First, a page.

The GLP aggregated and excerpted this blog/article to reflect the diversity of news, opinion and analysis.
The inferior lint quality of Bt cotton has caused severe economic losses for Burkinabè cotton companies. … Company officials and Monsanto representatives cite two problems with lint quality.
. . . . Bt cotton produces both less cotton lint, and lint of an inferior quality.
Inferior lint quality . . . . is a critical issue for the [cotton] companies . . . The combination of shorter staples and lower lint quantities substantially undermines profits.
These cotton companies also control the provision of seeds and inputs to farmers and were able to unilaterally phase out Bt cotton. This is much to the dismay of many Bt cotton farmers.
The story of Bt cotton in Burkina Faso underlines the complex nature of debates around the potential for GM crops to help poor farmers. In this case the technology does what it is supposed to do: confers pest resistance, reduces pesticide use and increases yield. Many farmers like it, and want more of it.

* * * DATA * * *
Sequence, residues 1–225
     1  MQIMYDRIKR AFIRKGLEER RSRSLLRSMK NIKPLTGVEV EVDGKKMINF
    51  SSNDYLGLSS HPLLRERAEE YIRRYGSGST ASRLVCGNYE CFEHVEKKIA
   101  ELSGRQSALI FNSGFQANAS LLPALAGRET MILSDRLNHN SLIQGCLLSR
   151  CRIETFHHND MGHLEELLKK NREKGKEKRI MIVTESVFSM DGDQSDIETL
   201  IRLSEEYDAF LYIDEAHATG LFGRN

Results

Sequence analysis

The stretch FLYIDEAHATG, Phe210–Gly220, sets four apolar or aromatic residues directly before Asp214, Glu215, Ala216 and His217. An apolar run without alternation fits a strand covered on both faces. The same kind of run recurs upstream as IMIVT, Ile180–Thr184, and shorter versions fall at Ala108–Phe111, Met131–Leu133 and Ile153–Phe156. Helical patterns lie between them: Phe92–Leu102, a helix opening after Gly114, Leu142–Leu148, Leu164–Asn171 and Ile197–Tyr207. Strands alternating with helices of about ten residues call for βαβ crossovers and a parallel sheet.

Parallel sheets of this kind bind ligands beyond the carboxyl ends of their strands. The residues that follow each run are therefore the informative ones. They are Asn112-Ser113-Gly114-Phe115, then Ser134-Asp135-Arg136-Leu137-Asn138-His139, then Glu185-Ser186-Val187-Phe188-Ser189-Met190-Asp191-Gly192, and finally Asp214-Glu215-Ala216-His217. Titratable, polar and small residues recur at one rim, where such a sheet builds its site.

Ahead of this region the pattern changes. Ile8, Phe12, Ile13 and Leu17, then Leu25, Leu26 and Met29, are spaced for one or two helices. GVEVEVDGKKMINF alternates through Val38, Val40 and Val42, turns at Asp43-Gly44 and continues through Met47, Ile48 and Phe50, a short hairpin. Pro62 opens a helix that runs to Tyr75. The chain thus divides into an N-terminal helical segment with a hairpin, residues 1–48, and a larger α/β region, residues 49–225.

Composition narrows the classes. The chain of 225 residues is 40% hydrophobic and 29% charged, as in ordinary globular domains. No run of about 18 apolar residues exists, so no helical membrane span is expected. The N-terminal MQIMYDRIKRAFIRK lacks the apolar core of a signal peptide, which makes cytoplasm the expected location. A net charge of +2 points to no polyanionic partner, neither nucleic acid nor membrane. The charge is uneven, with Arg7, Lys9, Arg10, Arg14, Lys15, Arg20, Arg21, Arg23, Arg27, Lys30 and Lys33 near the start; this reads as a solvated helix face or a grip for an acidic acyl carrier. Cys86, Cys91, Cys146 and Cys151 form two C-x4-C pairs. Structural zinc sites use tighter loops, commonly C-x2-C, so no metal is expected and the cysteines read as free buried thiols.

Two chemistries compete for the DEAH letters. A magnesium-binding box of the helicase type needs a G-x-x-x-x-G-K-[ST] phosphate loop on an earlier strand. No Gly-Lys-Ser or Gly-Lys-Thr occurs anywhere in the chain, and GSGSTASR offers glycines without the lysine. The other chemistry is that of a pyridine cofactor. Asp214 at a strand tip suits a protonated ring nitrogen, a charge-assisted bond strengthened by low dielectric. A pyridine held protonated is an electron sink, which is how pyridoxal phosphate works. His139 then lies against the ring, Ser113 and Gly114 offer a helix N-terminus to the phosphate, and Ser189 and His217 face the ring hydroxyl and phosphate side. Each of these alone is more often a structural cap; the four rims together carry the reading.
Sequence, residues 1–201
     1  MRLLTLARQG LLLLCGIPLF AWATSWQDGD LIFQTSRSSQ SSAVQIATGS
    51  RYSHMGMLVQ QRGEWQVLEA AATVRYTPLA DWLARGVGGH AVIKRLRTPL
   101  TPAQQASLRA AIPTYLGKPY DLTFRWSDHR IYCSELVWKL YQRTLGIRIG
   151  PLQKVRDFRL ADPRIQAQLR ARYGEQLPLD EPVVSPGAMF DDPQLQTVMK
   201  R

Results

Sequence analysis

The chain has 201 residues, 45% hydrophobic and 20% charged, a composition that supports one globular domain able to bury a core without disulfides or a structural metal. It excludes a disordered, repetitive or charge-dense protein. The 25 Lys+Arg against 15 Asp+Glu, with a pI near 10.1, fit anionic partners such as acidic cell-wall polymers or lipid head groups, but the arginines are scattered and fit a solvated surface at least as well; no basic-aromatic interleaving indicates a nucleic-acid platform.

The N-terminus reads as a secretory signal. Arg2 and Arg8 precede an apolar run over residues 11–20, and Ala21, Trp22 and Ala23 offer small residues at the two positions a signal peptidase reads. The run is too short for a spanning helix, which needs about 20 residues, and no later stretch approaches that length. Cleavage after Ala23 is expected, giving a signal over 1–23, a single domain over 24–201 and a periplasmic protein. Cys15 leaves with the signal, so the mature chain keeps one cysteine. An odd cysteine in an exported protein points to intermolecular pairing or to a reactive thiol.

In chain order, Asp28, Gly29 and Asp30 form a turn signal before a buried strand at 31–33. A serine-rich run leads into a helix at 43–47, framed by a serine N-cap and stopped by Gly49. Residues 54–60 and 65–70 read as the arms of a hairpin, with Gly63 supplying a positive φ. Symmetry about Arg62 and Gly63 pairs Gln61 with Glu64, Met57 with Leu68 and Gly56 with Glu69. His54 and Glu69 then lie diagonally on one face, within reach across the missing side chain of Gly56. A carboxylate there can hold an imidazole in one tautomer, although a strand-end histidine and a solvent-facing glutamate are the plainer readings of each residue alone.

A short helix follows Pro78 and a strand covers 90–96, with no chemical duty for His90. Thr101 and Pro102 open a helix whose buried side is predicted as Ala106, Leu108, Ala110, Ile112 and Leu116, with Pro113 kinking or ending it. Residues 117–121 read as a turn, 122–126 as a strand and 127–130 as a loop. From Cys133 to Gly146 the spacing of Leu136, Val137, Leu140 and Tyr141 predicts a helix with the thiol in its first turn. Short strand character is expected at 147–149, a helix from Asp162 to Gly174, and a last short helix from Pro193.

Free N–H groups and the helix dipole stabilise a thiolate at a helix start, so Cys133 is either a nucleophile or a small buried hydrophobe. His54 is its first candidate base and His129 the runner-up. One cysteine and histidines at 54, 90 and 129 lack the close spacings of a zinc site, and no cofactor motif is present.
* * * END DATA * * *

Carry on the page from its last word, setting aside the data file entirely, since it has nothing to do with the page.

But an unexplained impact on staple length means the cotton companies are shifting away from this technology. This technical hurdle will need to be overcome for Bt cotton to continue as a success story in Burkina Faso.
. . . .
The Burkina Faso case demonstrates the perils of such a narrow, trait specific approach to addressing agricultural development. Sometimes focusing on a single trait – in this case pest resistance – can have unintended and harmful consequences for other important traits – in this case, cotton quality.
Read full, original post: Why Africa’s biggest adopter of GM crops changed its mind